In the face of the Middle East’s revolutions, it’s easy to believe that the world’s dictators are comprised of autocrats we worked with (Mubarak), dictators we were trying to work with (Qaddafi), and dangerous regimes that won’t play ball (Iran). If only. The biggest category of all is the dictators we forgot.
Sudan has been in the news recently, where the bargain is clear: independence for southern Sudan, respectability for Khartoum. There is a cold-hearted logic inherent in working in Khartoum, which certainly had the power to disrupt the recent referendum on southern independence and (mostly) chose not to use it. But as Ambassador Richard Williamson recently emphasized at the Heritage Foundation, the slaughter in Darfur has not stopped. On the contrary: it has accelerated. In retrospect, the clownish Scott Gration had a strategy, and it worked: make the world forget about Darfur so it could focus on “winning” in southern Sudan. But the fact remains: a regime that could kill in Darfur is a regime that no one can trust, and should never be part of that fantasy known as the “international community.” And yet that is the prize we are giving it.
The list is endless. We’re wracked with guilt (or not) about the U.S.’s alliance with Mubarak. But who remembers Mugabe, a far worse villain? I agree that Qaddafi was almost uniquely oppressive ; Michael Totten, who has had plenty of opportunities to compare dictatorships, found Libya remarkably tyrannical. But Mubarak was no worse than a lot of sub-Saharan Africa’s dictators: Cameroon’s Paul Biya, for example, who has been in office since 1982 and whose regime features just as much thuggery, corruption, and violence as Mubarak’s did.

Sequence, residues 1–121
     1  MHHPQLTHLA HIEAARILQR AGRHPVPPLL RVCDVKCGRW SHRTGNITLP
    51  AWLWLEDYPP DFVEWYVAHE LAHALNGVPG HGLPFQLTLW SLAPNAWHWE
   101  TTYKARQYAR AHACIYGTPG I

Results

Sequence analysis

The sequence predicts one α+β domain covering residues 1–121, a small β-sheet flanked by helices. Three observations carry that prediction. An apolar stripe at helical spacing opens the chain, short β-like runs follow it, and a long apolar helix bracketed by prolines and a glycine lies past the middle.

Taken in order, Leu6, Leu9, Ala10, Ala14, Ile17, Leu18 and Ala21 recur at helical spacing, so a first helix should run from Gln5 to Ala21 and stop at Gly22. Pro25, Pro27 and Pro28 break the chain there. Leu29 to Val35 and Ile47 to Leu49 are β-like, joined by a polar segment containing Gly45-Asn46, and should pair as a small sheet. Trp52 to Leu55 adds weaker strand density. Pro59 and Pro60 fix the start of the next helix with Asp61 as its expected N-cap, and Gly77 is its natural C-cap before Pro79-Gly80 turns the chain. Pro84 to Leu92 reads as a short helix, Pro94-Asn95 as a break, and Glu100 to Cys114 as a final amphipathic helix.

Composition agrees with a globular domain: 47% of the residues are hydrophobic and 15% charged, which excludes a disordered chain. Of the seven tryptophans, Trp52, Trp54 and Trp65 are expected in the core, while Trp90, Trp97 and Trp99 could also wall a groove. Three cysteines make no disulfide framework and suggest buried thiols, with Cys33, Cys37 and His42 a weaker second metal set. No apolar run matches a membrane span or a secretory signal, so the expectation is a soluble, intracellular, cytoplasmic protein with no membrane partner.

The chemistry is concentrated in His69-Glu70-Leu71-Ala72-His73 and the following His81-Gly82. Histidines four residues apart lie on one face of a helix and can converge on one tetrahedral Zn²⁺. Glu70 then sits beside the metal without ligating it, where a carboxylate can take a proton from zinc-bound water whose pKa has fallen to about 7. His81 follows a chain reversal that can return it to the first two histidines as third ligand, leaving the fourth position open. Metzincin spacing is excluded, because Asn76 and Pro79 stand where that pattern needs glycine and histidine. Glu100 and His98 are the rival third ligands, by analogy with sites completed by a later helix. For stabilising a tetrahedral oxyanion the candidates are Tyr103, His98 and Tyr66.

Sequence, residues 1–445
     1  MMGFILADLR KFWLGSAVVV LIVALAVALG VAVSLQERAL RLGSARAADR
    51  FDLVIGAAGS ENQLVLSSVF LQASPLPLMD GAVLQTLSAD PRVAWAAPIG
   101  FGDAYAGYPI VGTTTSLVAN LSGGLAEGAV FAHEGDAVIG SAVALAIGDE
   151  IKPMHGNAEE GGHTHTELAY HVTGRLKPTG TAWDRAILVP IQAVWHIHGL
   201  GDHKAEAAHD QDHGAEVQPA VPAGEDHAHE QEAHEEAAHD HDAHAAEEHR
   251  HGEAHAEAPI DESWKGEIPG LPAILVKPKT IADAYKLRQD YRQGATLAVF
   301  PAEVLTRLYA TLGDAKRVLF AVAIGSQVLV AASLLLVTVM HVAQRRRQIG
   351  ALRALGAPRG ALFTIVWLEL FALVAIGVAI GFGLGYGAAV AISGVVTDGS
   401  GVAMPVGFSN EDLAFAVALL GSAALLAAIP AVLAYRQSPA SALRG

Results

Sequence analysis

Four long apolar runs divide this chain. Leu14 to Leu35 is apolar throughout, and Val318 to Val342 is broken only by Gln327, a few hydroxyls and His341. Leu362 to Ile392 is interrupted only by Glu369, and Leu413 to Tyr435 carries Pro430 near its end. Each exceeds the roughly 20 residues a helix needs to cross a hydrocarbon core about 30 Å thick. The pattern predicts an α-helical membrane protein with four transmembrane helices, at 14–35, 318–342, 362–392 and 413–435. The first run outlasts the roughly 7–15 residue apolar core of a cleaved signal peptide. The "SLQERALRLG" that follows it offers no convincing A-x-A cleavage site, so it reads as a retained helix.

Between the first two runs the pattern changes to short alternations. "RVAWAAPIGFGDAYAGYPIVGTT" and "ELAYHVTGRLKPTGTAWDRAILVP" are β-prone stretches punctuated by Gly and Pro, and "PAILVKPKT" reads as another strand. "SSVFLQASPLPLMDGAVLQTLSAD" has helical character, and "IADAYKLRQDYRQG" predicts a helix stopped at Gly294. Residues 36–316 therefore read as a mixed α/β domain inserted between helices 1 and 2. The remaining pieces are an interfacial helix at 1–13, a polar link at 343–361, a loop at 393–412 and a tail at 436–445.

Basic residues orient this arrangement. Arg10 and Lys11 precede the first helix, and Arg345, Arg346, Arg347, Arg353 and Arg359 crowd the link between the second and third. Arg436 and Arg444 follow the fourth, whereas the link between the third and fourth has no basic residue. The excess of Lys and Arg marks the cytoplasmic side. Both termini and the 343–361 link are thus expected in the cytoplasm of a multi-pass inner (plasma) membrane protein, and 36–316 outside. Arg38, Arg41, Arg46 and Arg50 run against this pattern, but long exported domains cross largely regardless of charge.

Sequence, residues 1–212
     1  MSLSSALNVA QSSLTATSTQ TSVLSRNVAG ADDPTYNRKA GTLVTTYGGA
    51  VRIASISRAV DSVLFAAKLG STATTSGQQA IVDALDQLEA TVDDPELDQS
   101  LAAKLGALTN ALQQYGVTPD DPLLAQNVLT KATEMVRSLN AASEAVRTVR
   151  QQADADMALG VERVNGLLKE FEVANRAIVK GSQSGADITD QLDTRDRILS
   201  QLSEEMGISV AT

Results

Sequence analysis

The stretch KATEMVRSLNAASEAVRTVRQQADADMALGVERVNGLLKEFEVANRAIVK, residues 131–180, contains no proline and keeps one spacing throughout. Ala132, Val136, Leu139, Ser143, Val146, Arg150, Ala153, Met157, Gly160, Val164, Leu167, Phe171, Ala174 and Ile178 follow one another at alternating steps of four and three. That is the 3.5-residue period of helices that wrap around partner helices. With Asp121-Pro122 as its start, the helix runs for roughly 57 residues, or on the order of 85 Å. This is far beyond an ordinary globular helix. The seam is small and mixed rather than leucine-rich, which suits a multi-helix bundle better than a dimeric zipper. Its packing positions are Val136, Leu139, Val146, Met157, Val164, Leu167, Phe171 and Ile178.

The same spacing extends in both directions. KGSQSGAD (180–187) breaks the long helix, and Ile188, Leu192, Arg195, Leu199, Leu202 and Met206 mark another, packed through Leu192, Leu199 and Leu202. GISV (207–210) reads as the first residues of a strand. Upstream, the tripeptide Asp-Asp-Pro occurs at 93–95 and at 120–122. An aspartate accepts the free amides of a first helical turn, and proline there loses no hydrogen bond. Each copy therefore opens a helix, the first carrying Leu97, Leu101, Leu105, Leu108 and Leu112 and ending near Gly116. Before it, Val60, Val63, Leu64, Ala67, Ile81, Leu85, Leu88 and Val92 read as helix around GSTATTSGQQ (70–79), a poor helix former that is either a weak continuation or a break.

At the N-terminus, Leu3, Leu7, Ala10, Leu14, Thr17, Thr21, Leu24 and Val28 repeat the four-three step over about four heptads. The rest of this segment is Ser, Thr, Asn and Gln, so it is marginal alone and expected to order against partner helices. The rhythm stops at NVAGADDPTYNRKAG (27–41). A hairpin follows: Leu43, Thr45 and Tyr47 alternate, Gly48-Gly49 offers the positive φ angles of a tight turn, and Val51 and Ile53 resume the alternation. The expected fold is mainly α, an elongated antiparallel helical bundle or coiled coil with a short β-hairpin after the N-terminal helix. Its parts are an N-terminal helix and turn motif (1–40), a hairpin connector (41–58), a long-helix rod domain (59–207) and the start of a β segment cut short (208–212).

Mubarak was certainly no worse than Castro, yet the fact that El Presidente has run an island prison for over 50 years hasn’t stopped the Obama administration from trying to sidle up to him. On the lighter side, there’s Vogue magazine, which, as Alana noted recently, chose this month to run a glowing portrait of Asam al-Assad, the wife of Syria’s dictator. She claims that her mission is to promote “empowerment in civil society.” She’s obviously not very good at her job: Freedom House bluntly notes that, in Syria, “Freedom of expression is heavily restricted.” Of course, that has not stopped this administration from announcing that the U.S. is going to send an ambassador to Syria. The only difference between Mubarak and Assad is that the latter is even better at oppression.
I hope it’s obvious here that my point is not to apologize for Mubarak. It’s to say that the extent to which we are morally agonized about dictatorial rule is strongly shaped — too strongly shaped, in my view — by the extent to which we believe we were involved in enabling it, or to the extent it openly threatens us. If we were serious about human rights, we would be at least as exercised about dictatorships where we have nothing much at stake — and whom we could therefore oppose diplomatically free of cost — as we are about the ones where we do have interests to protect.
Instead, what we have are long periods of almost complete unconcern — during which lots of people who claim to be serving light and truth spend their days cashing the checks — punctuated by moments of moral panic when we realize whom we’re working with. Perhaps that just reflects the fact that, most of the time, foreign affairs don’t register on the public’s radar. But it’s shameful nonetheless.